This practice will be retired on May 31, 2020.
Solution: Working With Numbers1:35 with Pasan Premaratne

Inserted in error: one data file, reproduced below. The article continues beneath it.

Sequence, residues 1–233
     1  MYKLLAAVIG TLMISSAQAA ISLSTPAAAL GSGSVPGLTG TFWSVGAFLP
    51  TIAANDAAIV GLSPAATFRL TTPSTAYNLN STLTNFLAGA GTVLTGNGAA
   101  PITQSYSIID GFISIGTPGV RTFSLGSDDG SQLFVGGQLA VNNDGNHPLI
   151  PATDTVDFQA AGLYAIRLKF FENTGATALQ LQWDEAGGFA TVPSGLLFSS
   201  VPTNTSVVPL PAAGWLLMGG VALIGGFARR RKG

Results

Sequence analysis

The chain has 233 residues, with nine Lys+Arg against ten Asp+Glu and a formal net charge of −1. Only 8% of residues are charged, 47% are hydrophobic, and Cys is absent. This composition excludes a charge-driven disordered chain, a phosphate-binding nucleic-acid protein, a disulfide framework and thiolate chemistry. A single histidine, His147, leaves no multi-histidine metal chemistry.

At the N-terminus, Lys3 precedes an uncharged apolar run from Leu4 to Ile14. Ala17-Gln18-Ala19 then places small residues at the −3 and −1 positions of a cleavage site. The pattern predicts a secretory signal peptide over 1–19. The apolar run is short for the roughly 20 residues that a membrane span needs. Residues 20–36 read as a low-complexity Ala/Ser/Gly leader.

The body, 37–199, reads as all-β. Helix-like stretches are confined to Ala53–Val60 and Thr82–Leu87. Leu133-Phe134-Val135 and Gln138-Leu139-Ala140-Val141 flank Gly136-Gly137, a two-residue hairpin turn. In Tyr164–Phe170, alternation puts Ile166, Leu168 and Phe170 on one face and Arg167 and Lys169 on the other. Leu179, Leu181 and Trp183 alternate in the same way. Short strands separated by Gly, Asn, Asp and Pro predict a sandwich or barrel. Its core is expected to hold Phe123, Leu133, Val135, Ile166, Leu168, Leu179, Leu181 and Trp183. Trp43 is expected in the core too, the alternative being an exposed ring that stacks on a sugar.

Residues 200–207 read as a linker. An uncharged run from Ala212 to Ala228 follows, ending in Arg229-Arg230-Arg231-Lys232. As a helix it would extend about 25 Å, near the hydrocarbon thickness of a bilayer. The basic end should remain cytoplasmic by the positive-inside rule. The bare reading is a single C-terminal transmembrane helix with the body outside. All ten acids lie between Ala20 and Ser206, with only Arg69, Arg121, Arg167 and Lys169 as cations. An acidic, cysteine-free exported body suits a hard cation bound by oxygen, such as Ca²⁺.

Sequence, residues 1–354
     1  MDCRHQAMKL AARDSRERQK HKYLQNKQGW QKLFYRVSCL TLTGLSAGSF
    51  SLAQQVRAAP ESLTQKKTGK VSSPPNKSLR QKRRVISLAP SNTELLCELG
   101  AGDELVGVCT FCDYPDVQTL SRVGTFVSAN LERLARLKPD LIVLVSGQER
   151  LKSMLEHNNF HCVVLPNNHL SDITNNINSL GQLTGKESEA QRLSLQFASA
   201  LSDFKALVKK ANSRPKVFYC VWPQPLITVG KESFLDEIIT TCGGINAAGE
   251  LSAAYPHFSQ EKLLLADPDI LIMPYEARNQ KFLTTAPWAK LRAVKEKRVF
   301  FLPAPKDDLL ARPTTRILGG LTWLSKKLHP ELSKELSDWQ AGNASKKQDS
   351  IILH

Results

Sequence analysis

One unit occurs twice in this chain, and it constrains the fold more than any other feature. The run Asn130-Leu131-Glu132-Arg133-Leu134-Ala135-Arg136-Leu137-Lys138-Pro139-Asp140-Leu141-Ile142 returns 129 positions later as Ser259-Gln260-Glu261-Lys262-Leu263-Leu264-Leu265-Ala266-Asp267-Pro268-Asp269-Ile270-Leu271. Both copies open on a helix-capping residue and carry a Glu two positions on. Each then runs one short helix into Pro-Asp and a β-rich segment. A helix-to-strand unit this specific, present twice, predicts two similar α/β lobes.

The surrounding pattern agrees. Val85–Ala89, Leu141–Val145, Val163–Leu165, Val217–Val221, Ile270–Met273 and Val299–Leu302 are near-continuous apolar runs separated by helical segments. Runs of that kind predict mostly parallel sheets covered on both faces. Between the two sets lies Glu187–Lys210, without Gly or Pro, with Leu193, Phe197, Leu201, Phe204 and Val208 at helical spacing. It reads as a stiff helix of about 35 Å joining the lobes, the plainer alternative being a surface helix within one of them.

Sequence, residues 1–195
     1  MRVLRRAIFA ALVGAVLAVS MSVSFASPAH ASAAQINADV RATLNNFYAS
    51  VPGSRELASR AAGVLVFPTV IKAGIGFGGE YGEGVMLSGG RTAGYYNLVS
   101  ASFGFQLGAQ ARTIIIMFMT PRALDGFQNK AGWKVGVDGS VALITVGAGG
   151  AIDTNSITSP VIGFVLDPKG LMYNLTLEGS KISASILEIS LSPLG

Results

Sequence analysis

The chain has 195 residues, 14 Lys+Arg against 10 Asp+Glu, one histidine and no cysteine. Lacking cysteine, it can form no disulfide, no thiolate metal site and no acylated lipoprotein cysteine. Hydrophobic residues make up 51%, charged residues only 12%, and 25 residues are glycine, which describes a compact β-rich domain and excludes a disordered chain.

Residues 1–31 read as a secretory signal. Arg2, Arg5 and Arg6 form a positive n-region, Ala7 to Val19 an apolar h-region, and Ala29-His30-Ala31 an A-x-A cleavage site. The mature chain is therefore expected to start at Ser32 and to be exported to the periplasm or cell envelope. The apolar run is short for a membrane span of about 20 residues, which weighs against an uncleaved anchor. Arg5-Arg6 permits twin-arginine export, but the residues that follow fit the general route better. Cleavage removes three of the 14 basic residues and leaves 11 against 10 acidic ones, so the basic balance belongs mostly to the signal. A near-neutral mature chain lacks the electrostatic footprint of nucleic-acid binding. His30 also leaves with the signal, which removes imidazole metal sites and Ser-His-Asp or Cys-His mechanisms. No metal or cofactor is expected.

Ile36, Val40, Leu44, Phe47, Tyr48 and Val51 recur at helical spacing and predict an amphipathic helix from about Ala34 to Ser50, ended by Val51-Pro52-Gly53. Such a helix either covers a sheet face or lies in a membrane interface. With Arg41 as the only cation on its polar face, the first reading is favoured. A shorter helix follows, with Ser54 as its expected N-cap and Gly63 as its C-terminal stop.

In this practice session, your goal was to mimic the output I had provided. 0:00 So here's my solution. 0:04 Now again yours doesn't need to be the exact same code as mine. 0:06 We'll see in a second that you can tweak it subtly. 0:08 All we need is that final end result. 0:12 So here we have two constants. 0:14 I've named the first one firstValue and the second secondValue. 0:16 So again, we start with the keyword let to create a constant, give it a name. 0:19 And then using the equal sign, we assign the value 10 to it. 0:23 And same for 20. 0:28 The next thing we do is we multiply those two values and 0:29 assign the result to a constant name result. 0:33 So again, keyword let, name result, and here is the assignment bit. 0:37 For the final part, 0:41 we need to get a string literal out of this that describes the operation. 0:42 And the way we do this is by passing in the values we defined. 0:47 So the value of multiplying and we specify firstValue, so 0:50 it doesn't matter what firstValue is because the constant 0:54 already contains that value, so it's just going to print it out. 0:57 And then we'll do the same thing for secondValue and then the result. 1:01 Now, one new thing that we may not have covered and that might be new to you. 1:04 Is that you don't necessarily need to do this here where you compute the value 1:09 by multiplying firstValue and secondValue and then assign to result. 1:14 You can actually do that in line here. 1:18 Now, this is a nice thing to know for now. 1:20 For example, if I copy this and paste that in there, 1:23 I'll still have the same results, but I don't need this extra constant. 1:26 Okay, I hope you got that as well. 1:32 Onto the next exercise. 1:34
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